Middle East sovereign funds sell assets as low oil bites -study

DUBAI, June 13 (Reuters) - Middle Eastern sovereign wealth funds liquidated or cancelled investments worth about 7 percent of their total assets last year, according to a study released on Monday by asset manager Invesco, in a sign of pressure from low oil prices.

State budgets in the six-nation Gulf Cooperation Council (GCC) and other oil exporters have fallen into deficit because of shrunken oil revenues, forcing governments to eat into their savings.

“Outflows from Middle East funds are not surprising, given the volatility we have seen in the oil markets. However, sovereign investor confidence remains high despite the challenging funding environment and difficult market conditions,” said Alex Millar, head of institutional sales for the Middle East and Africa at Invesco.

The company did not provide a figure for the size of Middle East sovereign funds’ assets, but this month the International Monetary Fund quoted data from the SWF Institute, which tracks the industry, as showing GCC governments had about $2.5 trillion of savings in their funds.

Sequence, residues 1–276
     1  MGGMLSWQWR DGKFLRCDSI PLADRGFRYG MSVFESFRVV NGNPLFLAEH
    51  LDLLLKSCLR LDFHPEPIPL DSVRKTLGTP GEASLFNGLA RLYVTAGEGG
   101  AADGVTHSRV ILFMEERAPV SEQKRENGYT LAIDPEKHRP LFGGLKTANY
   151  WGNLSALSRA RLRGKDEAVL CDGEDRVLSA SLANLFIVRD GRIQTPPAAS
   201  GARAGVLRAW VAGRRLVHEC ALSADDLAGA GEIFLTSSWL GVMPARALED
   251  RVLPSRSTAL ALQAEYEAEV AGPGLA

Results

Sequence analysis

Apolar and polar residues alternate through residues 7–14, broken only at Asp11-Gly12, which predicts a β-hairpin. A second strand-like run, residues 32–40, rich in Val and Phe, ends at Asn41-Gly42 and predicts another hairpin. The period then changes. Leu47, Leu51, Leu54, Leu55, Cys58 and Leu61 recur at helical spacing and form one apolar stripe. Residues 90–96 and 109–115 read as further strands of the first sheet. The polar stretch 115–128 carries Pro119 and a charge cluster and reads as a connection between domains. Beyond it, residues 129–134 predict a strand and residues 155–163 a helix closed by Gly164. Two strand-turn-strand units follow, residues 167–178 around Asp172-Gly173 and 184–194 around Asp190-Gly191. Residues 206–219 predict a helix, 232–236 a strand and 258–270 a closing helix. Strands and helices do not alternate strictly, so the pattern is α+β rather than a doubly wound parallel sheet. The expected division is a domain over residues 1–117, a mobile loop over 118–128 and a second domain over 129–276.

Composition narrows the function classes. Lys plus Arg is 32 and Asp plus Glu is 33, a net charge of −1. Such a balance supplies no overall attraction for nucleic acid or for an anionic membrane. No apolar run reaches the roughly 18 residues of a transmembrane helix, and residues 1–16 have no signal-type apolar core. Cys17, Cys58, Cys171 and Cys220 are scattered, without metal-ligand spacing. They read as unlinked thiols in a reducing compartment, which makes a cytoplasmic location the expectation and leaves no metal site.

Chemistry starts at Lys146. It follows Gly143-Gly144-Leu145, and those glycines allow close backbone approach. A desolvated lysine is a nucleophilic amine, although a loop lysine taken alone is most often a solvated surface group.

The Invesco study, which covered 77 sovereign investors and reserve managers around the world representing $8.96 trillion of assets, showed that new funding accounted for 3 percent of Middle East funds’ assets under management in 2015.

By comparison, new funding provided 7 percent of sovereign investors’ assets globally last year. During that year, funds globally liquidated or cancelled investments worth about 3 percent of their total assets.

The study showed the United States pulled further ahead as the preferred global destination for Middle East sovereign capital last year. It rated 8.3 points out of 10 in attractiveness, compared to 7.1 for Britain.

Middle East sovereign investors reported they were bullish on opportunities in U.S. infrastructure projects in particular.

The funds also put more emphasis on emerging markets last year. Middle East asset allocations to emerging Asia rose to 2.3 percent in 2015 from 1.5 percent in 2014; allocations at Africa swelled to 2.6 percent from 1.0 percent.

Middle Eastern sovereign funds sank more money into real estate, with their allocations rising to 9.8 percent last year from 5.9 percent two years ago.

But after allocations to infrastructure and private equity were boosted over the last two years, fewer funds expect to raise allocations to those asset classes now, the study found. (Editing by Kevin Liffey)